Inactivity

I circle the mountain
My eyes to the stars
I think I can count them
If I try very hard
The peak to my right
Is so far away
It reaches the sky
I can’t start today
These stars on the other hand
I can see right from here
Who else but me understands
How to keep them all clear?
I need to turn just a bit
For my count to continue
No time for me to sit
There’s much for me to get through
After hours pass by
I am content enough to stop
I look behind me, oh my!
I’ve made it to the top!

 

Inertia is deadly.

It is easy to understand that getting nothing done is a bad thing, but even being active without an achievable goal or measurable progress is bad. In this sense, inactivity also describes the inability to change direction when needed. With goals in mind, actions should be taken with a purpose to work towards those ends.

To be clear, an action needn’t be tedious or tiring for it to have a purpose. Rest is not inactivity, it recharges your body to press on. Play is not inactivity, it frees your mind to be creative. Entertainment is not inactivity, it exposes you to stories that can change your perspective. However, doing any of these things because there is nothing else to do, or because you are apprehensive about jumping into a daunting task, is an inactive choice. In a sea of stillness, avoiding active choices is quite appealing. It carries with it a comfortable burden of no responsibility, no sense of expediency, and no measure of accomplishment.

It is significantly easier to work through smaller tasks than spend an inordinate amount of time working through a larger task you’ve let sit and build up. You accumulate a debt of required activity if you procrastinate. From the start, if you wipe away that debt as it begins to rear its head, it is much easier to manage as time goes on. Even if you are behind, and the debt becomes monolithic, it can be broken down into manageable pieces to attack one at a time. It is never impossible, and should not be perpetually avoided.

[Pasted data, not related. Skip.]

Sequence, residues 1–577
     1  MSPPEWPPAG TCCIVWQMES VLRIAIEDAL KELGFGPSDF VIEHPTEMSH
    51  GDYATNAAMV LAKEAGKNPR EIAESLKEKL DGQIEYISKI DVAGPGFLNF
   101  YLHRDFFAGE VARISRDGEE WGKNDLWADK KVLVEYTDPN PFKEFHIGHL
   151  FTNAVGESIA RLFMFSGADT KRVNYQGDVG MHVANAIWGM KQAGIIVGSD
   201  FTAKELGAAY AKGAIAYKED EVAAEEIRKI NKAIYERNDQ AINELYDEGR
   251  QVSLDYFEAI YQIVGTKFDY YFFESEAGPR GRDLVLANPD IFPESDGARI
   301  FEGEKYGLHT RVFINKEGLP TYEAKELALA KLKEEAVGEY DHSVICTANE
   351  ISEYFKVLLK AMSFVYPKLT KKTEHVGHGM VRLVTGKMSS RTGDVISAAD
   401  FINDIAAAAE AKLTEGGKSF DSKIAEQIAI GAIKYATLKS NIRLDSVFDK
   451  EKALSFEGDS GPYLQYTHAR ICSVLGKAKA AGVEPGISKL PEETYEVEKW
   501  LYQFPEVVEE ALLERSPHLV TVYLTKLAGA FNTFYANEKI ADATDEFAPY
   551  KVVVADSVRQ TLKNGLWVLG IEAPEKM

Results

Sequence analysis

Clean, condition, learn, toil: these are all verbs describing the elimination of some sort of debt. A debt of mess, a debt of weakness, a debt of ignorance, a debt of labor. It is probably the case you prefer some of these activities over others. If you can find a way to combine them, the debt may become more palatable. Some actions require you to actively think, and some do not. Someone who despises cleaning may find reprieve in simultaneously learning about something they enjoy. Someone who despises learning may find time passes more easily by also exercising. When one activity requires only the body, it can be offset by another that requires only the mind, or vice versa. In the end, it is all debt of activity that should be constantly chipped away at. The drudgery of doing something on its own can not only be balanced with something pleasing, but progress will be more efficiently made with both.

Continuing down this line of thought, when you are working your way through a task (desirable or not) that requires significant thought, you can often hit a roadblock of the mind that prevents you from progressing. Though you didn’t decide for it to happen, you’ve naturally become inactive. If you run into this, stop what you’re doing. Let the thoughts simmer while you preoccupy yourself with something else. Your subconscious mind is more equipped to grapple with such problems and you can come back to it refreshed. Having the agility to change gears on the fly and make the most out of your actions goes a long way in breaking the pattern of inactivity.

 

Situational Questions

  • Are you shying away from a particularly monstrous task, almost feeling helpless in your approach to it? Have you considered breaking it into several smaller pieces that can each be accomplished in a single session? What if you charted out their details and measured your progress so the end is more visible?
  • Are you mentally or physically exhausted from doing the same thing over and over? Is there an avenue for you to switch focus to something else? If you were able to take a break, would it be easier to get back in rhythm?

 

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